Hikers Barbados and local charity Life-After Curve took to the streets yesterday morning to educate the public about the challenges faced by people who suffer from scoliosis.
The inaugural hike was done to raise awareness about the signs and symptoms of scoliosis among children and adults, and raise funds for those who need immediate assistance.
The hike, which made stops at historic landmarks on the South Coast, was headed by historian Trevor Marshall and was attended by scoliosis patients, parents and guardians. The hikers interacted with curious onlookers, supplying them with information and accepting donations along the two-mile trail.
In an interview with Barbados TODAY, president of Life-After Curve Blanche Goring quoted statistics from the National Scoliosis Foundation (NSF), which indicated that, internationally, 30,000 children have to wear a back brace for scoliosis and another 100,000 diagnosed children and adults were undergoing surgery.
She pointed out that the condition had negative social and health effects on children in particular.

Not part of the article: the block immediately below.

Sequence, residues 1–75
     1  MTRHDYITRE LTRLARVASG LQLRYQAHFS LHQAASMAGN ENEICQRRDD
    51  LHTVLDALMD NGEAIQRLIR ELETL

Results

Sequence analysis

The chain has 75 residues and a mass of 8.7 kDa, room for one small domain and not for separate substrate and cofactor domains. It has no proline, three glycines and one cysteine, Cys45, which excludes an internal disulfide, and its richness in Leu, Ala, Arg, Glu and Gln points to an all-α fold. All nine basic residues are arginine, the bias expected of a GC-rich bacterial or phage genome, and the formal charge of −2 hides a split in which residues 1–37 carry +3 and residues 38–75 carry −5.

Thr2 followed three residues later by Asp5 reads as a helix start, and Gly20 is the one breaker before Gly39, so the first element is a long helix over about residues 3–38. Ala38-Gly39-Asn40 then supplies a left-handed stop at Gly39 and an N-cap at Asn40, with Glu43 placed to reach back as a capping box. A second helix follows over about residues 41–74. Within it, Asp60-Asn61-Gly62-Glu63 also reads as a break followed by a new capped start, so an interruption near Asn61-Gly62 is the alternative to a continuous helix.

“Scoliosis has the potential to keep children from playing sports, cause severe back pain, limit mobility, affect posture and rob a child of his or her self-esteem,” Goring said.
“Most scoliosis sufferers are children who, without monitoring or treatment, could be robbed of their childhood.”
It is against this background, she said, that early diagnosis is key.
“If scoliosis is detected early enough, doctors have treatments that could stop the progression of the condition. If it does progress, doctors have ways to reduce the size of the curve,” Goring pointed out.
The charity has also been disseminating information to primary, secondary and tertiary institutions, and volunteers have diagnosed students suffering from the ailment who required immediate assistance, revealed Goring.